India’s 8,118 km coastline is a playground for adverse events engendered by climate change. GoI estimates the sea level along the coastline is rising on average by 1.7 mm a year. The rise is not uniform. Some parts are under greater threat. For example, as TOI’s reports show, the Sundarbans in Bengal is at the receiving end of both rising sea levels and extreme events. Battered by four cyclones in two years, with Yaas being the last one, people have begun leaving two islands, Mousuni and Ghoramara.
Sundarbans is the world’s largest contiguous mangrove forest, with about 40% of its 10,200 sqkm area in India. Its vulnerability to tropical cyclones was brought out in a World Bank study last year. The cumulative impact of these events may lead to a situation in 30 years where in many areas water salinity will almost equal ocean salinity. This poses a larger challenge for India. Without freshwater, retreat of habitat in some areas is inevitable. Sundarbans is just one case of potentially many that shows why we need a sharper focus on climate change adaptation.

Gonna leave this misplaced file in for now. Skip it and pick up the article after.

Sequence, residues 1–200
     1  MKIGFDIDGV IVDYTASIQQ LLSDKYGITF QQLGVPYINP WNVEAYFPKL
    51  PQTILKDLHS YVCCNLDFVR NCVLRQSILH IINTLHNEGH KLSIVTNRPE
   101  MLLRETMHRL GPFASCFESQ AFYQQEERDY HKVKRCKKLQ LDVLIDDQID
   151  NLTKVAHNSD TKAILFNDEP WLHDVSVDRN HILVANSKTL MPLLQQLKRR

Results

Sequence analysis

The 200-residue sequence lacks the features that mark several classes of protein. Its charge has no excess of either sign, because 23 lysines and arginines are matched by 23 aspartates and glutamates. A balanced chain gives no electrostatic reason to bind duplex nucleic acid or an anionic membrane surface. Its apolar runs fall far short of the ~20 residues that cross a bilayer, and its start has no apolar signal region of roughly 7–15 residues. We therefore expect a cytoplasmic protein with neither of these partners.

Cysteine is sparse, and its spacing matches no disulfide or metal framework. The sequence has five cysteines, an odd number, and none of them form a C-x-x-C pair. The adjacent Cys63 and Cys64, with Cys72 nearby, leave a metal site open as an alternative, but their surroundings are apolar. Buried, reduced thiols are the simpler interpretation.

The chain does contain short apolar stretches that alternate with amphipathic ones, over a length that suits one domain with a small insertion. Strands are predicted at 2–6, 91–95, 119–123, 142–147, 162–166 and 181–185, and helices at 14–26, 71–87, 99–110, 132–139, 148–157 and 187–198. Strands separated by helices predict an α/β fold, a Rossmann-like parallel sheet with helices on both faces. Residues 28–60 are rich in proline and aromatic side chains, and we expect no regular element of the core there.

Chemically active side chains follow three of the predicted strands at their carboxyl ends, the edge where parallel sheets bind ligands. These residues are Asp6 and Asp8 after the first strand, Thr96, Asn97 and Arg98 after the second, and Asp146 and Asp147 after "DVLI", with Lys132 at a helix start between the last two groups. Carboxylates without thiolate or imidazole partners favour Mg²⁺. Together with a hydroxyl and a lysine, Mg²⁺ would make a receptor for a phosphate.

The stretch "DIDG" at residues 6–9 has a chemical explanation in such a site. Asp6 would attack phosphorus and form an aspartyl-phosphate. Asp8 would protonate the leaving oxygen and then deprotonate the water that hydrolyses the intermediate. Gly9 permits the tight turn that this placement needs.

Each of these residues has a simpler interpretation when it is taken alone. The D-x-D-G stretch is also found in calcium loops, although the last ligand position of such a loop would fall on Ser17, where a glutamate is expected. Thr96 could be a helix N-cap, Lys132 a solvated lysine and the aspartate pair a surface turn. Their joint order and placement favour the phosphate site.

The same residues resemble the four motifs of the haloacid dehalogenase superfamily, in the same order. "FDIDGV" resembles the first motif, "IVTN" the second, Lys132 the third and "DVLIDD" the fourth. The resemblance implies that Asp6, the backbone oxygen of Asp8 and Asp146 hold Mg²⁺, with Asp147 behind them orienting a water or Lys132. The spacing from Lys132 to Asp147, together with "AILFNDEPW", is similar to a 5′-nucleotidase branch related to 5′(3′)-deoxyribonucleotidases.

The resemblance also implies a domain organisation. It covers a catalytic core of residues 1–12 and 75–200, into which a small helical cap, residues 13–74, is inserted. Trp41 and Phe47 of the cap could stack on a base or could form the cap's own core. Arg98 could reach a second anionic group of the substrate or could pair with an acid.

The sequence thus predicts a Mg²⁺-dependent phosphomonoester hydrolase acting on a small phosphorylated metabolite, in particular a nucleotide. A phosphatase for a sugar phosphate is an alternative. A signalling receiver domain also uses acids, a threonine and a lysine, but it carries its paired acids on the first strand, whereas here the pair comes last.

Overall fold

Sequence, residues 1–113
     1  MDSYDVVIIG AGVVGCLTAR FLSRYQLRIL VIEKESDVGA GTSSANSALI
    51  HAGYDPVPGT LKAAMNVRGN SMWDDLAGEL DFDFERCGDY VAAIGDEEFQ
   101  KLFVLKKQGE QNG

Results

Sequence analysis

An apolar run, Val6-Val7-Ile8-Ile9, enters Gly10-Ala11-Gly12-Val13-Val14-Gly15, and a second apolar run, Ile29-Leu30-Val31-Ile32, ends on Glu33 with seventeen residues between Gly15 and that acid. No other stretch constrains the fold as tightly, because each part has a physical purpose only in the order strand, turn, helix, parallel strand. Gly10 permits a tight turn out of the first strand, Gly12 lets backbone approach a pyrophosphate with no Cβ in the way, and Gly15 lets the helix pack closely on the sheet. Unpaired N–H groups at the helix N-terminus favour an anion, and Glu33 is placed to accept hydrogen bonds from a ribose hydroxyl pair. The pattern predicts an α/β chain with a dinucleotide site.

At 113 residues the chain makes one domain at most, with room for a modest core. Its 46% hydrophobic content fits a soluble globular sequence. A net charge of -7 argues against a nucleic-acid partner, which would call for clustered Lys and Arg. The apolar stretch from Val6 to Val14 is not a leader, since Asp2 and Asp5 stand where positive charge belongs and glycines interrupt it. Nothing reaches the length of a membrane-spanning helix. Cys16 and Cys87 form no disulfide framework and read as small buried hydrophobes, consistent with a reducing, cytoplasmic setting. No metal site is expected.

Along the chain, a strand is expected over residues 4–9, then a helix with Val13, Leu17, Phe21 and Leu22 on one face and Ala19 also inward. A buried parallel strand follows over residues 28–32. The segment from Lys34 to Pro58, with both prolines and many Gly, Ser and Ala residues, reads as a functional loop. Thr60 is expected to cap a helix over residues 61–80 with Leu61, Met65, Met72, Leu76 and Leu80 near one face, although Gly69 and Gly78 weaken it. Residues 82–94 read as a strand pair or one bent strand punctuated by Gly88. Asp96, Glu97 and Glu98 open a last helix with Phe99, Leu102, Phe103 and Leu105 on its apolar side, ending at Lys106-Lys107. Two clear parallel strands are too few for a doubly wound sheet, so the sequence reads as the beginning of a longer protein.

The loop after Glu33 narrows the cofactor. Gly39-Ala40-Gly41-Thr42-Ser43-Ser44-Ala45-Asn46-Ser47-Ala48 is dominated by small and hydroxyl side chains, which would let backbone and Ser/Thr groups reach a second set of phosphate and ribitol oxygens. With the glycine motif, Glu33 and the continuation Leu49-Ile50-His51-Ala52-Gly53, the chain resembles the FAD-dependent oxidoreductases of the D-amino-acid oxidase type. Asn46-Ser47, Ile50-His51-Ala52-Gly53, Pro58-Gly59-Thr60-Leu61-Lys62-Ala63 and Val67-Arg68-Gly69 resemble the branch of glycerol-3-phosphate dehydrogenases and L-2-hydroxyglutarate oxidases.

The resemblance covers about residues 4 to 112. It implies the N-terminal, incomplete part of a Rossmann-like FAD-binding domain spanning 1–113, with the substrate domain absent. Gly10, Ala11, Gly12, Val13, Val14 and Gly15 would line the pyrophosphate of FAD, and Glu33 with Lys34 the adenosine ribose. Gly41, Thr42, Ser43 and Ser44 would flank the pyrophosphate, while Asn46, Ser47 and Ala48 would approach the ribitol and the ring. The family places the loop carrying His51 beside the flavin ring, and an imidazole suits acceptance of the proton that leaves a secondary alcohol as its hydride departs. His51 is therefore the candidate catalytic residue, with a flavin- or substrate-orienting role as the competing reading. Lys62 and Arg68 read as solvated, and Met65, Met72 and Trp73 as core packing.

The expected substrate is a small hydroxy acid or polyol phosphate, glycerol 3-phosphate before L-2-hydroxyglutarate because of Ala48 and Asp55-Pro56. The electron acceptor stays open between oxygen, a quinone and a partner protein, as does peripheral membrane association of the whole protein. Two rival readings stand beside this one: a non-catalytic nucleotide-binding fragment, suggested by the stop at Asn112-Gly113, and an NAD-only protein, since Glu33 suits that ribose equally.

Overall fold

GoI set up a National Adaptation Fund for Climate Change six years ago. Some of the money is spent on cyclone defences such as embankments. But in the Sundarbans they have been repeatedly breached, leading to seawater ingress. At this stage, the fund needs greater focus on the next stage of adaptation, managed retreat. A retreat is happening in the Sundarbans, but without adequate state support. A transition to new livelihoods can only be eased through state handholding. India has 4 million people who depend on marine fishing. Some will need serious help during relocation, which comes with loss of critical assets. Millions can’t just be left to deal with extreme weather events.
This piece appeared as an editorial opinion in the print edition of The Times of India.
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